The Pantera Place
"Your de Tomaso Connection"
By Mike Dailey
September 26, 2001
One item that most all Panteras need is a new headliner and my car is no exception. The headliner is glued to the roof of the car and over time the foam backing deteriorates and the headliner can come loose at speed and blow fine foam particles all over the inside of the car. This can be a very dangerous experience.
I've had the replacement of my headliner on my to do list for a long time but because it is not a very pleasant job it kept slipping to the bottom. Now that it is the last item on my list I have no excuses! My headliner has some odd winkles and is a little loose at two spots along the backside.
I did some research to find out what options I had for replacements and decided to go with the Pantera East reproduction of the original headliner. I liked the idea of keeping the headliner a light color that helps make the inside feel larger and brighter.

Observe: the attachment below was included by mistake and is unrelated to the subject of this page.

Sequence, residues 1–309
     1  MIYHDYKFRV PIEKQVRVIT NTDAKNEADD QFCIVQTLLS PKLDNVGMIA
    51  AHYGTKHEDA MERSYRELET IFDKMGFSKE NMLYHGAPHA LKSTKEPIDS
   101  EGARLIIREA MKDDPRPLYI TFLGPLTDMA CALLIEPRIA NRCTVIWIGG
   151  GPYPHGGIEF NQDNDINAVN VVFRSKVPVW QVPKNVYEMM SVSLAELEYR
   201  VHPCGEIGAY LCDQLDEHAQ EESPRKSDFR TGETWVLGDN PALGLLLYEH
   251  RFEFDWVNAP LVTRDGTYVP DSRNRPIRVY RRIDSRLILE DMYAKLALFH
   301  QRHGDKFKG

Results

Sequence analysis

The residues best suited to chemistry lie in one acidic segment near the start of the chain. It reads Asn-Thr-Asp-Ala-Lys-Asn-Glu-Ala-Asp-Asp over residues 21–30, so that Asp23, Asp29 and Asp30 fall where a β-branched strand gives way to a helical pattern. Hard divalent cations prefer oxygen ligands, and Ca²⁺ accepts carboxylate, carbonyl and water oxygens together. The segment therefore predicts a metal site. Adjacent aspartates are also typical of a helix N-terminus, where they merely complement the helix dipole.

The Pantera East headliner is the original color and has a pattern that is very close to the original stock headliner. The holes in the Pantera East headliner were slightly smaller than the ones in my original 1971 headliner but the material look great. Pantera East was able to locate the original company in Italy that made the original headliner and they make the reproduction headliner exclusively for Pantera East. The headliner cost is $165. Pantera East also has the matching material available to cover the trim pieces.
October 4, 2001
First, I disconnected the battery because the doors were going to be open overnight. I removed the sun visors, the mirror mount (the mirror pops off the mount), the front trim, the back trim and the side trim. Take special note of the screws in the back trim piece some are longer than others. I taped a heavy 16'X9' plastic drop cloth inside the car and on the doors using wide masking tape. I laid the back trim piece on the roof of the car so I didn't need to disconnect the light.